Roger was saying, - 'I could never forgive myself if I had accepted a pledge from her. She shall be free until my return; but the hope, the words, her sweet goodness, have made me happy beyond description. Oh, Molly!' suddenly becoming aware of her presence, and turning to her, and taking her hand in both of his, - 'I think you have long guessed my secret, have you not? I once thought of speaking to you before I left, and confiding it all to you. But the temptation has been too great, I have told Cynthia how fondly I love her, as far as words can tell; and she says -- ' then he looked at Cynthia with passionate delight and seemed to forget in that gaze that he had left his sentence to Molly half finished.
Cynthia did not seem inclined to repeat her saying, whatever it was, but her mother spoke for her.
'My dear sweet girl values your love as it ought to be valued, I am sure. And I believe,' looking at Cynthia and Roger with intelligent archness, 'I could tell tales as to the cause of her indisposition in the spring.'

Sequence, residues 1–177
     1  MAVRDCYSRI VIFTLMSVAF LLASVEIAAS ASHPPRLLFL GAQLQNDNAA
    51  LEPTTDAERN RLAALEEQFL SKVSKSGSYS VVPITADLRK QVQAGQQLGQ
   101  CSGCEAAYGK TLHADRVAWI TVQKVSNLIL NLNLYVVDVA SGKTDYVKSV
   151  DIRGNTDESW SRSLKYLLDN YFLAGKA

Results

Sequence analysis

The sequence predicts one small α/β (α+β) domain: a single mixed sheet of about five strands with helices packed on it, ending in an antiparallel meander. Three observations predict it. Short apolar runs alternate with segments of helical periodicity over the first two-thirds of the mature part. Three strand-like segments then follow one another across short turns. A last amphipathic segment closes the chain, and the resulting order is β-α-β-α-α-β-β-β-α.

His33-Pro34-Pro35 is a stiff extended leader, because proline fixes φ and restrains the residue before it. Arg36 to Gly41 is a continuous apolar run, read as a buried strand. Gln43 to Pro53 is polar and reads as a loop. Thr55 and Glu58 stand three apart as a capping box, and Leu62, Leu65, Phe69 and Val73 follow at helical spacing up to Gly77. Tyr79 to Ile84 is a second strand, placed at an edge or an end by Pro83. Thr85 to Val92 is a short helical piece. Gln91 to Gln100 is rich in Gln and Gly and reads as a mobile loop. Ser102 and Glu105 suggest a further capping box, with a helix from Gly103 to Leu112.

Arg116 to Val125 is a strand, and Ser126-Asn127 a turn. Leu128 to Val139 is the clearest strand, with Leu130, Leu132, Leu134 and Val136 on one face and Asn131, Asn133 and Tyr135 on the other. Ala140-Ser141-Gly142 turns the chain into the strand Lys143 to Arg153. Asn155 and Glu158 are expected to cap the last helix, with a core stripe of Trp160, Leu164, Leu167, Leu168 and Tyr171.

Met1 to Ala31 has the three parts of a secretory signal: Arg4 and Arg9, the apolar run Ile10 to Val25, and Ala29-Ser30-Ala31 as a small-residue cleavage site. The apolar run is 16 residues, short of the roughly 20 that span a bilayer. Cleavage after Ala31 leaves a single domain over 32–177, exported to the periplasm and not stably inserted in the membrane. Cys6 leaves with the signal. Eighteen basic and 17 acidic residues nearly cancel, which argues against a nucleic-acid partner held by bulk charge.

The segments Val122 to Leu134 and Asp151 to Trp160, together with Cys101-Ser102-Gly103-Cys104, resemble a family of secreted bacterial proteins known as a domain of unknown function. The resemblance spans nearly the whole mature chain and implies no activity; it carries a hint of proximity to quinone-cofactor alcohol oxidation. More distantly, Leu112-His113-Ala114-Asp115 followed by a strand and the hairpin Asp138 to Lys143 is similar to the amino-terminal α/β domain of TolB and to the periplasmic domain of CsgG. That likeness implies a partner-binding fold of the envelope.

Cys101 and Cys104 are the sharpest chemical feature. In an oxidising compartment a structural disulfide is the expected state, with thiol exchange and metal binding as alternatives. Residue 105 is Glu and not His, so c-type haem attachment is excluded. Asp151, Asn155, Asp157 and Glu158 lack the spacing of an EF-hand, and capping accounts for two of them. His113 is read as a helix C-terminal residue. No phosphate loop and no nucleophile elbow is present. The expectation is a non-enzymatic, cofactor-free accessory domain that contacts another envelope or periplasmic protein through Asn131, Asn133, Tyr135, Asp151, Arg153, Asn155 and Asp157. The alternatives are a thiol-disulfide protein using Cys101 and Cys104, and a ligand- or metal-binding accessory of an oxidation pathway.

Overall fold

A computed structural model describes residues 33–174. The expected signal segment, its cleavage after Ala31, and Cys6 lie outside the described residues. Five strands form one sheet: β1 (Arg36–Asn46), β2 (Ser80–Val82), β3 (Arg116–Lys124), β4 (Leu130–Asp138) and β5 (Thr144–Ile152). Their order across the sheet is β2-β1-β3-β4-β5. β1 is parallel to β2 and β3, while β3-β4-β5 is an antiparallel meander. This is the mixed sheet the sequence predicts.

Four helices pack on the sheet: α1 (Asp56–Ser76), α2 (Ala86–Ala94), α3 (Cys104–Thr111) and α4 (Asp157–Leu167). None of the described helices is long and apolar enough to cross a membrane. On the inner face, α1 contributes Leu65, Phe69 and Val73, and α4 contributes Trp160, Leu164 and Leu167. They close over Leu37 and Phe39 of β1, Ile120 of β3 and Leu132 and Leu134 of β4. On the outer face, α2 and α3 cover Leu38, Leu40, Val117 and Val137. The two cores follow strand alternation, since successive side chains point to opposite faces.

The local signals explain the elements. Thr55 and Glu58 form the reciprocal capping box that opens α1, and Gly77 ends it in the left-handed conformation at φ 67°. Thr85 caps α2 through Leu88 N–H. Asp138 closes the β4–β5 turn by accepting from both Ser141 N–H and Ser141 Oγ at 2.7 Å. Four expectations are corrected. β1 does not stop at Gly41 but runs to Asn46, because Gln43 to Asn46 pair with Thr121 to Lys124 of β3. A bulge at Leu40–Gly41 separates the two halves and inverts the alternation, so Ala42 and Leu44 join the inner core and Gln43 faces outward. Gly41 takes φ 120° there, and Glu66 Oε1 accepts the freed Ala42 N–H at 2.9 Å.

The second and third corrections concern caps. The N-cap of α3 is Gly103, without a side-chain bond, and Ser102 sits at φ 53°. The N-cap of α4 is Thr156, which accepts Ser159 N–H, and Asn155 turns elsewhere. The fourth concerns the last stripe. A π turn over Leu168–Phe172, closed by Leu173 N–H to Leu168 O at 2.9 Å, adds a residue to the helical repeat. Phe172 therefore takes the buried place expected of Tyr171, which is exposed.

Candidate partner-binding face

'Mother,' said Cynthia suddenly, 'you know it was no such thing. Pray don't invent stories about me. I have engaged myself to Mr. Roger Hamley, and that is enough.'
'Enough! more than enough!' said Roger. 'I will not accept your pledge. I am bound, but you are free. I like to feel bound, it makes me happy and at peace, but with all the chances involved in the next two years, you must not shackle yourself by promises.'
Cynthia did not speak at once; she was evidently revolving something in her own mind. Mrs. Gibson took up the word.
'You are very generous, I am sure. Perhaps it will be better not to mention it.'
'I would much rather have it kept a secret,' said Cynthia, interrupting.